Gilly, like her mother, contained the ability to manifest both plant and animal life. (It would be hard to argue against the point that there was a great deal more animal in the 12 creatures that Mae and Oliver Regan brought into this world, than the two refined beings Gilly and Jim are responsible for.)
Donovan, Gilly loved you and your gentle, modest spirit. And, yes, she worried about you too much. And she was sooooooooo happy that you met and married Ciara because she knew she never had to worry about you again.
Ciara you are everything Gilly could have asked for in a daughter-in-law and she was thrilled for you both about the pending arrival of her first grandchild, due in just two weeks from the day she died.
It goes without saying that Gilly would have been an incredible grandmother. As my sister Jean said, Gilly didn’t seek to bring children into her world, she inhabited theirs. She met them as equals and they loved her for it.
Laura, Gilly was so proud of you, your adventures, and your life as an artist. She greatly admired powerful women, particularly those who did what they had to do with quiet determination and grace, just like you.
She was grateful that she and Jim played a part in creating the woman you have become. And she had a sweet spot for Yosef too.
Gilly would have appreciated the church’s ambiance on the day of her funeral, adorned as it was with local wild flora. As Jim noted, there isn’t a plant that grows in Irish soil that Gilly couldn’t identify.
While members of the family gathered to make it worthy of her final goodbye, we remembered the many times Gilly had imprinted her elegant style on the church for occasions ranging from family weddings to funerals,
Easter and Christmas services, and of course her cherished Harvest Thanksgiving. Mum, who passed on to her eldest daughter the art of decorating this church for every occasion, give it the final touches and her blessing.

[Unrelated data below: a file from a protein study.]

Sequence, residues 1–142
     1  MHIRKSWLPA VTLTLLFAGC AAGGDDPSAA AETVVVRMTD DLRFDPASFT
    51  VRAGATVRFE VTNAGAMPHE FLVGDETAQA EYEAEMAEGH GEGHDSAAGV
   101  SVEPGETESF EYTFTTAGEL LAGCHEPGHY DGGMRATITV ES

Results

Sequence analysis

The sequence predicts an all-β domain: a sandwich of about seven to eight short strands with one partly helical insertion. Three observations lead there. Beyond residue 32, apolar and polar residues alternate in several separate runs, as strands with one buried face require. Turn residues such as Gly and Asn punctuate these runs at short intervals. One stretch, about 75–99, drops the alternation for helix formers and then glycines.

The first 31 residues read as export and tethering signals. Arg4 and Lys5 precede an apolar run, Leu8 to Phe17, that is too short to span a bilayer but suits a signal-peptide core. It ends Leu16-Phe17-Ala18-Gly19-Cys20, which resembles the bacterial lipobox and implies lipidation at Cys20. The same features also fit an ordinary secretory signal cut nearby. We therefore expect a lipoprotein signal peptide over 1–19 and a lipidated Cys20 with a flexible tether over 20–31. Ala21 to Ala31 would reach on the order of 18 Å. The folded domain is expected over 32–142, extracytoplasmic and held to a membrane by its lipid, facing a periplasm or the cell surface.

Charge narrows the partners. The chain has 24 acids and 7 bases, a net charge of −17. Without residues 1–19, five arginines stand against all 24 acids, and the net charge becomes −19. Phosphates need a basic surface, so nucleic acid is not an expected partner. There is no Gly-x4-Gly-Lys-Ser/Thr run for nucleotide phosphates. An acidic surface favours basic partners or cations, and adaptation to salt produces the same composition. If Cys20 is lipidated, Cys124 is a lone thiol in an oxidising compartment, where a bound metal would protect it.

Mum, along with Jim, Donovan and Laura, we’re thinking especially of you at this time. You’ve now outlived two of your beloved twelve children (Olly, Jon, Gilly, Barbour, Davy, Jean, Sandy, Alison, Karen, Gordon, Colin, and Stuart) and your force-of-nature husband Oliver.
For those unfamiliar with this little church of ours, the clock on its tower is dedicated to our beautiful brother Gordon, who died in 2002. Dad passed on to his eternal magical mayhem in 2011. Now they are joined by Gillian.
A big family brings with it countless blessings but too many goodbyes. And in this time of loss, we remember Sandy’s late husband Terry, and Barbour’s late wife Bernie, and all who have gone before us.
Gilly knew she was dying. I now realise she had accepted that on levels her family were not yet ready or able to.
She spent enough time in intimate commune with nature to understand when a living thing’s essence was departing.
She spoke these past weeks of the wonderful circles of friends she was blessed with throughout her life: Sunday School and Church, Sligo Grammar, the Astoria crew of her youth, the Church of Ireland Teacher Training College in Rathmines, her teaching colleagues, her many hillwalking, tennis, and yoga friends, and her wide circle of extended cousins.
She may not have gotten to say goodbye to all of you in the way she would have liked, but that’s ok because her smile every time she saw you said more than a goodbye ever could.
Rest in peace Gilly. You will remain forever in our hearts.